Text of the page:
Before you do any paint or prep work, be sure to protect the floor. Drop cloths made for paint work the best. They are heavy, so they stay in place better and stop the spills from leaking through. Some people use bed sheets but they are too thin and do not protect from spills. Plastic stops spills but can be too slippery and dangerous to work on.
Scrape any loose paint from the walls with a scraper. If it is a little tough to get off, it is probably OK to stay on the wall. Use a heavy grit sand paper (80 to 100) and sand all the surfaces you plan to paint. You can get sanding pads that mount to a pole to make the job easier. Sanding helps the new layer of paint stick to the old paint and gets rid of any high spots. You will need to patch where you have scraped off the loose paint using a spakling or drywall compound. You will need to patch any holes or dings as well. Let the spakling dry and sand with a fine grit sand paper or sanding pad. You may require more than one coat to get a flat finish, so reapply and sand as necessary. If you notice any gaps where the trim meets the wall, apply a paintable caulking and wipe excess away with a damp cloth.
Once everything has dried and has been sanded, you will need to prime the patched areas. You do not need to prime the entire area; just the patches. This is called "spot priming" . Some painters will use left over paint and spot prime the areas a couple times to seal them up but primer works best. If you are painting new drywall, then you will need to prime the entire area. Sometimes, it's better to prime drywall trice to be sure you have a nice seal before you do your finish coats.
Once you have everything spot primed and dry, it's time to roll on a first coat. Roll up and down and get as close to the baseboard and ceiling as possible. When applying new paint; start ahead of where you finished and back roll a bit before you start moving ahead again. Apply an even but heavy coat first coat. Latex paint will dry very quickly so you can usually get to the next step quickly. At this point you will patch any imperfections again. After the first coat is best because sometimes the new colour will show differently than the last colour. Once you are done patching and have sanded you must spot prime those areas with your finish colour to seal them. While you are waiting for the patches to dry, you can cut in all the areas you can't get with the roller. A 2 1/2" brush and a steady hand work best for cutting in. You can use painter's tape to help but it takes more time and can be expensive if you need a few rolls. There are "cut in" tools that you could use as well.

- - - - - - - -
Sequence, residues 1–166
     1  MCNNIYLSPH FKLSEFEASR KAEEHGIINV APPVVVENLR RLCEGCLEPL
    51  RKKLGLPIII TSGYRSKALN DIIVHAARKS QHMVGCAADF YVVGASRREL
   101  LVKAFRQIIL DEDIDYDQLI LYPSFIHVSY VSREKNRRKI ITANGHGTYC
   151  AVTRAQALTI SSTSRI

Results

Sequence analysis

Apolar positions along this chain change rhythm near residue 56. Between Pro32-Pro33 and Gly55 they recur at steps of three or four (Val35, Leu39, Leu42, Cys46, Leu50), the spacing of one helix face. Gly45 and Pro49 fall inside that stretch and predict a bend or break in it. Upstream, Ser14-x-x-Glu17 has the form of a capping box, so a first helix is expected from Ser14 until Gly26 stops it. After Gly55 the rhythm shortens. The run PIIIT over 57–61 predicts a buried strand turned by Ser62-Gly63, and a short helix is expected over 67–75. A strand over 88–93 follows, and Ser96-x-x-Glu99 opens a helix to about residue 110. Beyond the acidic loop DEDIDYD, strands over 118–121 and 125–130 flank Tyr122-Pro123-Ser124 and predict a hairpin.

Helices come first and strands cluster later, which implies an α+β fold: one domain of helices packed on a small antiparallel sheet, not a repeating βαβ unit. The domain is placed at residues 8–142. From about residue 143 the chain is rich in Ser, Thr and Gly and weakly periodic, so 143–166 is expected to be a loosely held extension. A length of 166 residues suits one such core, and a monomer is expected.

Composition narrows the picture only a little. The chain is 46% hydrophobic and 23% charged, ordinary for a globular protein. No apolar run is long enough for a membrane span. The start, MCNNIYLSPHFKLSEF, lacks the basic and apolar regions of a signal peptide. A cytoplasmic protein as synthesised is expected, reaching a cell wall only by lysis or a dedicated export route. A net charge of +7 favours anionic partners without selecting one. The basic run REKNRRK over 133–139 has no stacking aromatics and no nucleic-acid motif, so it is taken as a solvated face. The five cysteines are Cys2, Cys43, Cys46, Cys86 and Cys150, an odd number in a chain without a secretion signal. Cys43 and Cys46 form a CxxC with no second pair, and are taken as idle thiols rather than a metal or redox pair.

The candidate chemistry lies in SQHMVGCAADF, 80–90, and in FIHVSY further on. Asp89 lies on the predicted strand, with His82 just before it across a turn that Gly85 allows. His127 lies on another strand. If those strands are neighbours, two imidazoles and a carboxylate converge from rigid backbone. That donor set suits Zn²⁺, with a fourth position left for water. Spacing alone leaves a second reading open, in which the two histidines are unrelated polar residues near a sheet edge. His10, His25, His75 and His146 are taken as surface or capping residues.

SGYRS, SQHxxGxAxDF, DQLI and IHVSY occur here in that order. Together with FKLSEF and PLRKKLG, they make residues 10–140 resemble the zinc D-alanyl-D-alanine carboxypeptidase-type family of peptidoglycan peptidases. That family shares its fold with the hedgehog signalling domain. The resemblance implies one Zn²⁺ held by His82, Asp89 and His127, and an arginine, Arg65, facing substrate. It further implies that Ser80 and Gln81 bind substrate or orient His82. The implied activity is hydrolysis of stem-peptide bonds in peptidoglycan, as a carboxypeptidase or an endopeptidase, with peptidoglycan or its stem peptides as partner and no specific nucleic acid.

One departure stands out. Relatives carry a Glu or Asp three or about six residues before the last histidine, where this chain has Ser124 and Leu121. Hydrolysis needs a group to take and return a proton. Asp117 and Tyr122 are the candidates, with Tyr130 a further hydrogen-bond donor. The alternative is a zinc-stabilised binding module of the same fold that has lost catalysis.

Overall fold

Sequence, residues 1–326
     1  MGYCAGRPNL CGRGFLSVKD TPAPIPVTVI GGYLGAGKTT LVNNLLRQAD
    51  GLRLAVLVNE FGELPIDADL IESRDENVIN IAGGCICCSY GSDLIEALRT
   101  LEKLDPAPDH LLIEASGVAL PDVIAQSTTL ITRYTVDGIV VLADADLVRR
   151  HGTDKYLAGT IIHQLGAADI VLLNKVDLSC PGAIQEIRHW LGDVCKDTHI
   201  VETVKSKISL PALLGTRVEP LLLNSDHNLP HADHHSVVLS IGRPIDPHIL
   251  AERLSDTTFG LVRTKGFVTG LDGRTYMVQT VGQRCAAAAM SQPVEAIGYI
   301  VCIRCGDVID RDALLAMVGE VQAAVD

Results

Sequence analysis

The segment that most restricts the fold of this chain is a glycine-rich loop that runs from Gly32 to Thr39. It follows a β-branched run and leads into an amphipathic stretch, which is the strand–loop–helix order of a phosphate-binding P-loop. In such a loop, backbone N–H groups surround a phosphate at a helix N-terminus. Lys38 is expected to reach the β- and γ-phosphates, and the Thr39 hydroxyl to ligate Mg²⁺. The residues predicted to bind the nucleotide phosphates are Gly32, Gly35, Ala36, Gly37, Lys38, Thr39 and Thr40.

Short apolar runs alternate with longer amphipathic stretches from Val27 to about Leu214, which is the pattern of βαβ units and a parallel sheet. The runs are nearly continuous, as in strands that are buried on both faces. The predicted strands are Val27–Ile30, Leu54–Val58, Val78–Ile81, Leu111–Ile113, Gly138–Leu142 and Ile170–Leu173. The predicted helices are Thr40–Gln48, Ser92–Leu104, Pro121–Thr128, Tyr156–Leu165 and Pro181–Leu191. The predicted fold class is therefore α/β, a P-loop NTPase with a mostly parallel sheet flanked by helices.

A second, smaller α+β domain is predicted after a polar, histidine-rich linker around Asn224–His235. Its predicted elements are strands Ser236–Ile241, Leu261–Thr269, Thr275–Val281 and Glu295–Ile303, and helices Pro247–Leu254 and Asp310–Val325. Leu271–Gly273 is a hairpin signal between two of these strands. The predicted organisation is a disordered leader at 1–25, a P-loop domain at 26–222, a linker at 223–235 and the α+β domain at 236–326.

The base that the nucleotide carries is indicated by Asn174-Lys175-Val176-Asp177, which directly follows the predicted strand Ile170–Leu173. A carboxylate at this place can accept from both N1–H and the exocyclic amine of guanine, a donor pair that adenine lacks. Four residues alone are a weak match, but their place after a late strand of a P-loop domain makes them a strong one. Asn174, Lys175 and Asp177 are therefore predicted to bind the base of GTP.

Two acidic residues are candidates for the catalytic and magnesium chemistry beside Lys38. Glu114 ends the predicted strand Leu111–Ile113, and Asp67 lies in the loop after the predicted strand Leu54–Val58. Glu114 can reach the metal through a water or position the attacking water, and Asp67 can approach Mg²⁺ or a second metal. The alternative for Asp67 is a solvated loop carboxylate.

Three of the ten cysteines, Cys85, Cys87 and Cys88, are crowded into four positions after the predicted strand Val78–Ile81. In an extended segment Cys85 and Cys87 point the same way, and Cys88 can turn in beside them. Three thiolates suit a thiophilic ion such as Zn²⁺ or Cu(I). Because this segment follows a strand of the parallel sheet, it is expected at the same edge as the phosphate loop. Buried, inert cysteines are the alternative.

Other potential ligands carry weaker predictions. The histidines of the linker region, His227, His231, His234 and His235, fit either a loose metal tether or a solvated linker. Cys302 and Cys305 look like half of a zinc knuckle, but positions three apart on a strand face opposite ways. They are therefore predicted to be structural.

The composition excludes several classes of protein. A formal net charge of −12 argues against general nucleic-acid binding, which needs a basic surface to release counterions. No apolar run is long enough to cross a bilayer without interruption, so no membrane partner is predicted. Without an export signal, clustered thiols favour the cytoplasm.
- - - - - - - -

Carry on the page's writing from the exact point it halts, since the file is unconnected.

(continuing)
Once everything has dried and the cutting in is done I recommend giving everything a good sand again. This will get rid of any rough areas and help obtain a flat finish. Use 80 grit on a sanding pad to do this. Before you roll on your final coat you will want to cut in again. This way the brush strokes will be covered by the roller texture. Once the cutting in is done, apply an nice, even coat. The paint will be dry to the touch in a short time but may take up to a month before it is completely dry.
When choosing paint, you usually get what you pay for. Poor quality paints have more water in them, so you may have to do an extra coat. You don't need the highest priced paint either. Latex paints should be filtered before you use them. You will need a filter and an empty can to filter your paint. This helps remove all the little chunks that harden in the can during storage that get mixed in when you or the paint store mixes it up. Buy a quality, lint free roller. Thicker rollers hold more paint but add more texture to the walls. Holding more paint speeds things up because you do not have to keep applying paint in your paint tray.
These tips should help with your next project and remember that practice makes perfect. Professional painters work for years at the trade before they can do top notch work very quickly. It may take you more time but you can make your next paint project look like a pro did it!
By Brent Darlington